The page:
Monday, November 13, 2023

Owners of the San Jose Flea Market cutting office components entirely and dramatically downsizing housing plans

The original plan for the San Jose Flea Market next to San Jose's only existing BART station was for 3,450 residential units (yellow in image below), 3,400,000 SQFT of commercial (teal), a 5-acre urban market (red) and a 1.4 acre public park and open space (green areas). Grey is parking.

Sadly, the owners have changed direction and have completely eliminated office space from the project. The new plan will only have 940 homes and 45,500 SQFT of ground-floor retail space.

They are taking advantage of a loophole in the builder's remedy--which streamlines approval for certain residential projects designed to encourage more housing and development--to actually reduce the size of the project. It's a classic example of good-intentioned law (like rent control) causing the exact opposite effect. If it were not a builder's remedy, San Jose could more easily reject the project and require higher density.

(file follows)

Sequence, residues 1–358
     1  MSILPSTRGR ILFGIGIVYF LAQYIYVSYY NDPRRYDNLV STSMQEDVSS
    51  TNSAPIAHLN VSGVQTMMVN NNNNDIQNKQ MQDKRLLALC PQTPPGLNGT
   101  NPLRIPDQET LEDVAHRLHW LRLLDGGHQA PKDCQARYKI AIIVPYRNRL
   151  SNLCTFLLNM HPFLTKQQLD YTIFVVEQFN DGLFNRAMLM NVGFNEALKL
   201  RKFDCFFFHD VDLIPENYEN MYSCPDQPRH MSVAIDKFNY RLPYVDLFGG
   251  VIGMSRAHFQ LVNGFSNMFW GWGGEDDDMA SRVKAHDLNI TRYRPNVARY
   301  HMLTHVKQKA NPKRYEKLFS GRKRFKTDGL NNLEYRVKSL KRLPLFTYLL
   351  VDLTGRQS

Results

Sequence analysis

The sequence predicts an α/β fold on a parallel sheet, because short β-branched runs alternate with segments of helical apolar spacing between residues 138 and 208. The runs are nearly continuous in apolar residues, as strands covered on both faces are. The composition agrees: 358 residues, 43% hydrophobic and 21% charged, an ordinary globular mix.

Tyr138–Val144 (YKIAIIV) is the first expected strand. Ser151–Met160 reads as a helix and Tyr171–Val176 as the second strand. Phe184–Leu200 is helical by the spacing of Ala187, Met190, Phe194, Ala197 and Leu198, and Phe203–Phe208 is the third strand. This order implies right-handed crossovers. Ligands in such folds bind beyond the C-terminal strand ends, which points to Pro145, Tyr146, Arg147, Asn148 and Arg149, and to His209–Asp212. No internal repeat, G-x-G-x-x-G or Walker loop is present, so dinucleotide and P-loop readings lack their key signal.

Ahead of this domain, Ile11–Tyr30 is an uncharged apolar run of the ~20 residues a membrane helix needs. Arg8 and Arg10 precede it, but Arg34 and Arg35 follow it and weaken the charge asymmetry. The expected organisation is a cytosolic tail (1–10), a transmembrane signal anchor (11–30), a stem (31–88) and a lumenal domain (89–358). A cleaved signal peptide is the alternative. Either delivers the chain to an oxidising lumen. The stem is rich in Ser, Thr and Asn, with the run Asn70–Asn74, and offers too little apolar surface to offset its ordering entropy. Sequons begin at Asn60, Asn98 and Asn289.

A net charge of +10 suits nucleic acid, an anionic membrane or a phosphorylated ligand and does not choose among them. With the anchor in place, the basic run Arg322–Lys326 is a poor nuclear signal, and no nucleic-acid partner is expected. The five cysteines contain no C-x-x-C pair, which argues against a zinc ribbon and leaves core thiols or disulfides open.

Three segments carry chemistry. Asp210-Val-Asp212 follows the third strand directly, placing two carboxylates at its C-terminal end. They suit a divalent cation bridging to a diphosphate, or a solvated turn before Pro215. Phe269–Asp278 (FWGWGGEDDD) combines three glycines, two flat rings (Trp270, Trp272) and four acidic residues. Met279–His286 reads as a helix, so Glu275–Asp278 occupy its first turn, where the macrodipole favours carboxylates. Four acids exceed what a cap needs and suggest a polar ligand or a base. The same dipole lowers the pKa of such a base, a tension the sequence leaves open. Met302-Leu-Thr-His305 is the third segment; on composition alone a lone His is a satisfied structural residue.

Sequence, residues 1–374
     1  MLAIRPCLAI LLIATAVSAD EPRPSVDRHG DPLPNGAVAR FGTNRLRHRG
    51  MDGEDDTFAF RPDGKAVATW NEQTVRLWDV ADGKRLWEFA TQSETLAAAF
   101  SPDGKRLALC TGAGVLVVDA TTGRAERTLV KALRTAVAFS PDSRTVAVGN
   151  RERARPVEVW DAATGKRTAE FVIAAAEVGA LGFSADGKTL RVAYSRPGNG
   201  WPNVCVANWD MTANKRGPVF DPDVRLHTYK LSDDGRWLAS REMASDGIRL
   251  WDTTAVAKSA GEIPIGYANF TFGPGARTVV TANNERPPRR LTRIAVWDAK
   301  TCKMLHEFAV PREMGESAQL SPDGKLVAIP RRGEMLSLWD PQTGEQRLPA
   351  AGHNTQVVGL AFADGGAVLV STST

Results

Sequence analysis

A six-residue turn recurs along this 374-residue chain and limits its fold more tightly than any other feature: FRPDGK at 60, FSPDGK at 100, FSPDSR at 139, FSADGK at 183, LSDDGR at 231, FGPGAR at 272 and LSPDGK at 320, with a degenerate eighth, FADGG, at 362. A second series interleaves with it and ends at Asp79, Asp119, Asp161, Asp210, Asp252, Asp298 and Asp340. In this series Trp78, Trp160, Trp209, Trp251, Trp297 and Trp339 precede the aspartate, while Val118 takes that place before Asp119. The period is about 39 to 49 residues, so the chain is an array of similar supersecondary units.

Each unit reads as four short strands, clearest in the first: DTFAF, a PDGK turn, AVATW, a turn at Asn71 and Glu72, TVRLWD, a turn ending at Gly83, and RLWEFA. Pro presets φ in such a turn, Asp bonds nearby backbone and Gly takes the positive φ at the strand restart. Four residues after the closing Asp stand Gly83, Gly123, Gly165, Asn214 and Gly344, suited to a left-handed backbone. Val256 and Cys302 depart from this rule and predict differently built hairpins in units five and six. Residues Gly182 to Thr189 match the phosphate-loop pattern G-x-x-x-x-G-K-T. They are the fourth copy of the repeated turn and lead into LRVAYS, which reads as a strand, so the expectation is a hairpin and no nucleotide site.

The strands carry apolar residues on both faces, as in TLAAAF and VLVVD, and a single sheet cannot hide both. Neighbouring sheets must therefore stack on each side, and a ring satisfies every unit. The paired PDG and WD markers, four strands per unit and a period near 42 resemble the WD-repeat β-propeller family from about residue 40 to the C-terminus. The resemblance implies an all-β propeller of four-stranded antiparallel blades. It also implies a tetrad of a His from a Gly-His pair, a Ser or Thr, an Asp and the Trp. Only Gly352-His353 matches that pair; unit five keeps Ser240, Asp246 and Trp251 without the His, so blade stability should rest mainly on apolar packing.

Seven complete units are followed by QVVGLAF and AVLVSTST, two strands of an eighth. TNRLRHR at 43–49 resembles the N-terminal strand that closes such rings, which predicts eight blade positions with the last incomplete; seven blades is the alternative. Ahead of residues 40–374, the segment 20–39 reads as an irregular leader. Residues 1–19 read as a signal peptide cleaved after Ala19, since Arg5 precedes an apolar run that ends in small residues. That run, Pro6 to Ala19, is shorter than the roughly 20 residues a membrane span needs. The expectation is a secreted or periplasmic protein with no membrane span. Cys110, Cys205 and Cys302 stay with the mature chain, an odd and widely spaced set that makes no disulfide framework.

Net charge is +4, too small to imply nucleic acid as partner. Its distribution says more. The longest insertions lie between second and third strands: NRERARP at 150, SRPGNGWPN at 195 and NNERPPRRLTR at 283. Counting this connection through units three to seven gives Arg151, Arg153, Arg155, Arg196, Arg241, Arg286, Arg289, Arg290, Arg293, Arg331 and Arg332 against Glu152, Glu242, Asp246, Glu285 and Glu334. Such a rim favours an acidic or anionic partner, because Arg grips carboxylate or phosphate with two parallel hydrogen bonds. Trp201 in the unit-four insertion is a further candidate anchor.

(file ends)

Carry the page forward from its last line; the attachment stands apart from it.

San Jose needs to build about 60,000 housing units over the next eight years to keep up with demand and State requirement. By taking this many homes off the table, it will be a huge step back.

Given the proximity to some of the largest tech companies in the world and immediate access to BART, this site easily could have become another Santana Row over the next decade. Plus its a destination easy to get to from anywhere in the Bay Area. Now, with the scaled back plans it will greatly undermine this opportunity. It may not have the critical mass necessary to pull anyone into San Jose as a destination and will barely make a dent on our housing requirements.

If a dense redevelopment of the San Jose Flea Market site is truly off the table, the next best step would be to quadruple down in Downtown San Jose to hit our target. The infrastructure and space for dense development is already there. Eliminate as many fees and bureaucratic steps as possible for large-scale residential development and let's get that housing built!

Source: SVBJ, SVBJ(2)


  1. Such a weirdly worded article. You say that "the owners have changed direction and have completely eliminated office space from the project.", but the previous paragraph outlining the original plan never mentions "office space". Similarly, the terms "homes" and "ground-floor retail space" was never used in the original plan paragraph either. How are the readers supposed to compare if you don't use consistent language?

    1. Thank you for responding - it's really more of a statement on not using consistent wording in the same article. You really should, so it reads better.